6. In Florida, we never had problems with our Catholic, Jewish, Unitarian Universalist, or non-affiliated neighbors. It was the evangelical Christians that said we were going to “rot in hell,” that yelled, “You make up your own Bible” at my kids, and that disassociated with us. FWIW, most of them decided we weren’t rabid after a time.

  7. J. Daniel Crawford says:

    But Hellmut, the survey says that self-defined Liberals dislike us at a much higher rate than self-defined Conservatives. The divide there is much wider than the Dem/Rep divide. Hence, my confusion.

  8. Hellmut says:

    Yes, you are right, JDC. I made a mistake. The data contradicts my hypothesis.

  9. Mike N. says:

    One explanation might be that people are not as rational as we expect them to be. Not very complicated, I know, , but there’s that whole law of parsimony thing that science likes.

  10. J. Daniel Crawford says:

    I don’t understand your point, Mike.

    The problem here is that we associate liberals with democrats and conservatives with republicans. But the poll shows that conservatives and democrats like us more than liberals and republicans. Is our assumption about how the parties self-perceive wrong or is something else going on here?

  11. lxxluthor says:

    HP: Do you think it has something to do with people claiming to be liberal but supporting the Republican party? Otherwise the poll doesn’t surprise me much.

  12. you know which numbers struck me the most, JDC? Church attendance:

    Church attendance

    Weekly 34 55 -21 11

    Nearly weekly/
    Monthly 41 47 -6 12

    Seldom/
    Never 49 39 +10 11

    I find that one far more fascinating than the political and ideological ones. It basically implies that the more frequently an American goes to church, the worse impression that American has of Mormons.

  13. Mike N. says:

    I was trying to say that although we expect dems to be liberal and republicans to be conservative, people don’t always label themselves that way. But I could be off track here altogether.

  14. Mike,

    It could also be that with how weak and corrupt both parties are right now, liberals may not identify themselves as Democrats in droves anymore, likewise with conservatives and the Republican party.

  15. Starfoxy says:

    I think the divergence could possibly be explained by the way the pollsters asked the questions. The way they phrase the questions may serve as subtle reminders about how one is supposed to feel about Mormons as a [liberal/conservative democrat/republican].

    For example if person A is reminded that they are a social conservative (and are against SSM and abortion) then they are more likely to report thinking favorably of Mormons because of our stance on specific social issues like SSM, and abortion. Whereas when person A is reminded that they are a Republican they may be reminded of the more vague reasons why they are republican- reasons that tend to be against mormonism (ie their religious affiliation, family and friends etc.).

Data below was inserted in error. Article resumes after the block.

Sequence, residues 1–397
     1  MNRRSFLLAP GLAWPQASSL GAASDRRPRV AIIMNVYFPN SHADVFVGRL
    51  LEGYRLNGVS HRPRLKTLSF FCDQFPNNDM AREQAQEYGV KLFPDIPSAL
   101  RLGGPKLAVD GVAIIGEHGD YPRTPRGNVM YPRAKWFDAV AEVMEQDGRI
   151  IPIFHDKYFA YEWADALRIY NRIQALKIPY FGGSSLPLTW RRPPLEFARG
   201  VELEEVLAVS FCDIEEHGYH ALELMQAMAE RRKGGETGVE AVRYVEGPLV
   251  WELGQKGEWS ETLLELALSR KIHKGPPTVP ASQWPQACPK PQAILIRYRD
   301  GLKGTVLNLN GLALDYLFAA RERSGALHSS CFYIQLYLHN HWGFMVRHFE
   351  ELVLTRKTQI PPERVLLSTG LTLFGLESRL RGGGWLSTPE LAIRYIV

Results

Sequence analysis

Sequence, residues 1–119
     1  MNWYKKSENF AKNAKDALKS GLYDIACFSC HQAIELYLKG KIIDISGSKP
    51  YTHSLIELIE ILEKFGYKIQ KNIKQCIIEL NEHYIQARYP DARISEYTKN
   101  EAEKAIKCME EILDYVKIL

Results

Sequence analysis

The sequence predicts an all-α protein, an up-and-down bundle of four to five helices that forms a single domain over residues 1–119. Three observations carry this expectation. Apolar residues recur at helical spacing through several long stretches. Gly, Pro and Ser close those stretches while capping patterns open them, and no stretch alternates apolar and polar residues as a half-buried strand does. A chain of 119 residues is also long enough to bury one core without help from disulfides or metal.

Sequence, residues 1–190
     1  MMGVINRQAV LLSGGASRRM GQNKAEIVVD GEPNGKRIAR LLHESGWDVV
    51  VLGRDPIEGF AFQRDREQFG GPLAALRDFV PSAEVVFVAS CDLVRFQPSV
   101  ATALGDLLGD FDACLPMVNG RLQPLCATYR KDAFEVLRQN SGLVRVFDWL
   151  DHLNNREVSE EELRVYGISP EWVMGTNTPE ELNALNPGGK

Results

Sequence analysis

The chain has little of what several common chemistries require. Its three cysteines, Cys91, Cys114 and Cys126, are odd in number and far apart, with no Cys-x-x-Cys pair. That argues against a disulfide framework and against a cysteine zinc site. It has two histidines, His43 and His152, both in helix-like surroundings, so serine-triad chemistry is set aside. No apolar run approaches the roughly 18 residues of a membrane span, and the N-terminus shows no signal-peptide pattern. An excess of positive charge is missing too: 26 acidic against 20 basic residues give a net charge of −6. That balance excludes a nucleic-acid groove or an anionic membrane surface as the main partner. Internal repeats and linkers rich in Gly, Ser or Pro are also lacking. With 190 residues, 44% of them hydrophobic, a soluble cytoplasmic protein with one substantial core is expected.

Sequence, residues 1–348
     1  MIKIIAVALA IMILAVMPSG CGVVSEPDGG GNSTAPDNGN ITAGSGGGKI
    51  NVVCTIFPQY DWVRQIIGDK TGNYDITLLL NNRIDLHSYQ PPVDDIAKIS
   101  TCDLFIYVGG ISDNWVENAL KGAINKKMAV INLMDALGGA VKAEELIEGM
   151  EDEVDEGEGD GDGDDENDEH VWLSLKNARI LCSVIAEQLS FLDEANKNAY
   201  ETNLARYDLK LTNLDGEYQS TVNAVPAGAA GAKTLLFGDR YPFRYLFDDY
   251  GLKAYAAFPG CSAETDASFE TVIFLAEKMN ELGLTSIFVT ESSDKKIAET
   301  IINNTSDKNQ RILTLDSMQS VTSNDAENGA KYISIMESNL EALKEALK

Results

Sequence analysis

Conversely Person B, as a liberal, dislikes Mormons for our socially conservative stances on specific issues, but as a Democrat (who believes in tolerance, and acceptance as general principles) they will not report feeling unfavorably towards Mormons.

  16. Hellmut says:

    That’s a good point, Starfoxy. Usually, polls ask demographic questions last. That means that respondents would have answered the questions about Mormons before they would answer questions about themselves.

  17. Doesn’t it appear that the answers are clear? Protestants don’t like us because they have been taught in their sunday school modules on Mormonism that we are cult and evil. That is their way of inoculating their members against the missionary effort. That is why if one attends church more then one dislike LDS more — the churched are getting their views of Mormonism from their Protestant preachers. A simple look at the net will show the active Protestant attacks on the Church that are well-funded.

    Liberals don’t like Mormons because they are pro-gay rights, pro-abortion, pro-free-sex and generally anti-family (they are about 20 times more likely to live together unmarried and have no children BTW).

    Republican and Democratic self-identification cuts across this demographic. On the other and, I have to wonder why any self-respecting Latter-day Saint would want to affiliate with either group?